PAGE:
The Fruit Bat is a family of several species of bats that are sometimes referred as Flying Foxes. They have a life expectancy of about 30 years. They vary in terms of their length ranging between below 6 to 40 centimeters and weighing about 1.6 kilograms. They have large eyes with an excellent vision and sense of smell that they use in finding food and for their own protection. Their sharp teeth and long tongue enable them to feed successfully on fruits.  The shape of their wings varies to adapt to the various sites and locations that they belong to and at times the different wing sizes and shapes has been attributed to their different feeding environments.

Anatomy and Behaviour

Fruit bats are relatively large bats. Their wings are long fingers covered by thin skin, and the body is furry. Males and females look alike. Like all bats, they have weak legs and don’t walk very well. Livingstone’s Fruit Bat (Pteropus livingstonii, from Africa) is one of the largest fruit bats; it has a wingspan of up to 6 ft (1.8 m). The long-tongued fruit bat (Macroglossus minimus) is one of the smallest fruit bats; it has a wingspan of 5-6 inches (13-15 cm).

The wings of the Fruit Bat is an adaptation to allow them to fly, stay warm when roosting. They belong to large colonies referred to as “camps” which is a safety mechanisms  and in every 8 females their can be 1 male. They feed on flower nectar and fruit juice.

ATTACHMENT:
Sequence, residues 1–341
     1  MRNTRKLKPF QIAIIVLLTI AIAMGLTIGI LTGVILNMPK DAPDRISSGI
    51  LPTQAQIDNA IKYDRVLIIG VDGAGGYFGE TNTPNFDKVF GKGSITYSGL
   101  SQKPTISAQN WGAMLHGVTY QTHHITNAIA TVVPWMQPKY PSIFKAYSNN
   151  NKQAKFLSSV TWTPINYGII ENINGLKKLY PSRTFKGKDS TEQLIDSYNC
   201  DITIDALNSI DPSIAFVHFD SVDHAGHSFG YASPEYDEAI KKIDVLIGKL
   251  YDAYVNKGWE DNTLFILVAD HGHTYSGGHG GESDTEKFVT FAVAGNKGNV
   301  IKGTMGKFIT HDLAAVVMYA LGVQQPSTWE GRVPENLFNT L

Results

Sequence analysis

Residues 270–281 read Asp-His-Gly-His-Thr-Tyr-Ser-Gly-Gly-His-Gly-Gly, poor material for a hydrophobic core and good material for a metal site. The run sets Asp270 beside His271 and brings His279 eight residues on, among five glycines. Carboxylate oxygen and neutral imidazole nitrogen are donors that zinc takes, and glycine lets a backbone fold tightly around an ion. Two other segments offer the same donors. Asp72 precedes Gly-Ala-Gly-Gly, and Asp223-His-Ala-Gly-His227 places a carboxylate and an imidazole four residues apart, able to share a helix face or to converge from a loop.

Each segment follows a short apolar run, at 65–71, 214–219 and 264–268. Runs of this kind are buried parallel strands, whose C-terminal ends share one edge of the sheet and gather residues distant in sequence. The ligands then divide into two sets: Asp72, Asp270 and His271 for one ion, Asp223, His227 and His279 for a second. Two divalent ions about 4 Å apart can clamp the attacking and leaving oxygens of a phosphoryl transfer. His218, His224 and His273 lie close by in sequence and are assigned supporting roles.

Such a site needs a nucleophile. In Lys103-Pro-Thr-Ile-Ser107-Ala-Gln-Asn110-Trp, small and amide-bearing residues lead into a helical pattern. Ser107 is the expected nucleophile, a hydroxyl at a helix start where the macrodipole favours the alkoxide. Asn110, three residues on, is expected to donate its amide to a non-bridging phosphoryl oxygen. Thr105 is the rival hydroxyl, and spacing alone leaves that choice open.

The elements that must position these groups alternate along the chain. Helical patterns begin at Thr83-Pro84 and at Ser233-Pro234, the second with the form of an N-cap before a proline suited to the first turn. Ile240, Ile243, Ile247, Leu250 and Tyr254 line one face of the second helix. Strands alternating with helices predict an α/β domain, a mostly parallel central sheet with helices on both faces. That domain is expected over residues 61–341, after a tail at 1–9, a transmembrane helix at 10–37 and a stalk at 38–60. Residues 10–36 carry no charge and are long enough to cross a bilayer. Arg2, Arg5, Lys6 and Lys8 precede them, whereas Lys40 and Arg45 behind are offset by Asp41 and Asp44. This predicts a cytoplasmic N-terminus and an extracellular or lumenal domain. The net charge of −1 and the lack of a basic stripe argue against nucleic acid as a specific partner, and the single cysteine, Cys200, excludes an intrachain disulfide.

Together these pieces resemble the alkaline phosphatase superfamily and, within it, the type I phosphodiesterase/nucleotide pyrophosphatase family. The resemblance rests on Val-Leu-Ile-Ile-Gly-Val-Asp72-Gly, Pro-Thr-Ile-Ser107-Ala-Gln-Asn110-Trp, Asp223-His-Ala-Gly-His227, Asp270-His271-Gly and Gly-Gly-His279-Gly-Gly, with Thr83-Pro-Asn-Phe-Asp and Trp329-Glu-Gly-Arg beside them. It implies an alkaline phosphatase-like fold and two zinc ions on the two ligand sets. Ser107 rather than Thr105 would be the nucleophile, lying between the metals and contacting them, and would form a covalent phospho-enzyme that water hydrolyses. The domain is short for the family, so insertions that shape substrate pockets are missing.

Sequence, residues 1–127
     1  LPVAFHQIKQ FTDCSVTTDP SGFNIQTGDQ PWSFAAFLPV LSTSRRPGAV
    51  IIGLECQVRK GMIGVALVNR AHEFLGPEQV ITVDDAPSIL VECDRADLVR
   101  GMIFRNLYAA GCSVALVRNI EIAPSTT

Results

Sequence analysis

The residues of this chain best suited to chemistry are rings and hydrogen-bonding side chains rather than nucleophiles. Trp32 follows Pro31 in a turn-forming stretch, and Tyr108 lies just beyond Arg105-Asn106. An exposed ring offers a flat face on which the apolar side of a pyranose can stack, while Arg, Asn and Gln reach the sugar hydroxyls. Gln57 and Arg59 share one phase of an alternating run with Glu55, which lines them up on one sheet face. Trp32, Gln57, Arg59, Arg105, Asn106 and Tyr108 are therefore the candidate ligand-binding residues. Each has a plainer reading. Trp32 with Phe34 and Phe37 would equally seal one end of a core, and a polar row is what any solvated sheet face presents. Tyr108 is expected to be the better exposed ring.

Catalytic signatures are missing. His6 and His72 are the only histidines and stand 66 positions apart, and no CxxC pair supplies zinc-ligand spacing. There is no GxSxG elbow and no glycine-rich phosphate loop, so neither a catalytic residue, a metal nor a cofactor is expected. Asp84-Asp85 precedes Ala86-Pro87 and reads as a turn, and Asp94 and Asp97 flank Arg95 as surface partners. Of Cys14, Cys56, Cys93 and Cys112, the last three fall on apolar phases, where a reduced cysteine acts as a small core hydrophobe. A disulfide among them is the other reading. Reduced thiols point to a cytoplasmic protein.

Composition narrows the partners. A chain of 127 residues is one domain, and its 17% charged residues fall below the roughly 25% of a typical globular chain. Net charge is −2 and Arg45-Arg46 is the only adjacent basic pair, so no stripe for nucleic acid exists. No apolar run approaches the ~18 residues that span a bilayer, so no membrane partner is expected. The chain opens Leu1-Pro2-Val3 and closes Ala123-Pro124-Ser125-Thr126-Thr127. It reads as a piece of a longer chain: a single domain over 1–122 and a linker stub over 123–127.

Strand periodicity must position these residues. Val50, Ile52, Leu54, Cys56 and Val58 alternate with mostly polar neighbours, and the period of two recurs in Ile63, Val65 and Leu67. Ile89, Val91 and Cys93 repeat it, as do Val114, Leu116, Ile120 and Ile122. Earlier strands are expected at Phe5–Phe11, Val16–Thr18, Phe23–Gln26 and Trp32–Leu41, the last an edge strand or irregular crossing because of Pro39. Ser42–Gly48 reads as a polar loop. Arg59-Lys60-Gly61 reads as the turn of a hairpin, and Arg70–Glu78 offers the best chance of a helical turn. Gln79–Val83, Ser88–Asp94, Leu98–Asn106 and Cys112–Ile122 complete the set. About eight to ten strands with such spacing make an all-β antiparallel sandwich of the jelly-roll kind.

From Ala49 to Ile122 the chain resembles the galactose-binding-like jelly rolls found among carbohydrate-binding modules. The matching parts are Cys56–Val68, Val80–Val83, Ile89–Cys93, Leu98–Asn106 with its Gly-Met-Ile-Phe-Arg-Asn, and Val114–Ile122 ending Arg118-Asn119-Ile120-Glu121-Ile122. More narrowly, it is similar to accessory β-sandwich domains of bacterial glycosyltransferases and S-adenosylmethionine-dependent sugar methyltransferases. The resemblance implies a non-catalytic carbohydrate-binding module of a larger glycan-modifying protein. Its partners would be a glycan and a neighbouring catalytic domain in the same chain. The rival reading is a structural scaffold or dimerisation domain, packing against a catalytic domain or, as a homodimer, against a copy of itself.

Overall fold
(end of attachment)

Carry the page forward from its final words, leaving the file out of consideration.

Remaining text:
Distribution and Habitat

The Fruit bats live in dense forests in Africa, Europe, Australia, and Asia. They tend to thrive well in forested and grassland areas with a lot of food especially fruit trees, especially in areas with warmer climates which propagate variety of trees to grow throughout the year. In certain times of the year they can travel long distances to find food. When roosting during the day, they do so high up in the trees which provides sufficient darkness that protects against various predators, or hide in crevices or other dark areas and typically live close to water bodies.


The gestation period of the Fruit Bat is about 6 months. After delivery the females nurture the young for a period of 6 weeks until the young is able to fly by itself.


Some of predators for the Fruit Bat are: Birds (e.g. hawk, eagle), snakes, cats.

Advantages to nature

As fruit bats fly from plant to plant getting food, they also pollinate the plants they visit. In addition, they disperse the plants’ seeds as they eat. Many plants, including some avocados, dates, mangos, and peaches, are dependent on these bats for either pollination or seed dispersal

Diseases transmission

Recent studies have demonstrated the potential of bats to act as reservoirs of zoonotic pathogens (as reviewed in Hayman et al.(2012). One example is the common and conspicuous straw-coloured fruit bat (Eidolon helvum), which has been identified by Banyard et al (2012) as a reservoir host for Lagos bat virus (LBV, family Rhabdoviridae, genus Lyssavirus) and henipaviruses (family Paramyxoviridae) by Hayman et al (2008) in mainland Africa.


Fruitbat (Epomophorus) during 99 Household study

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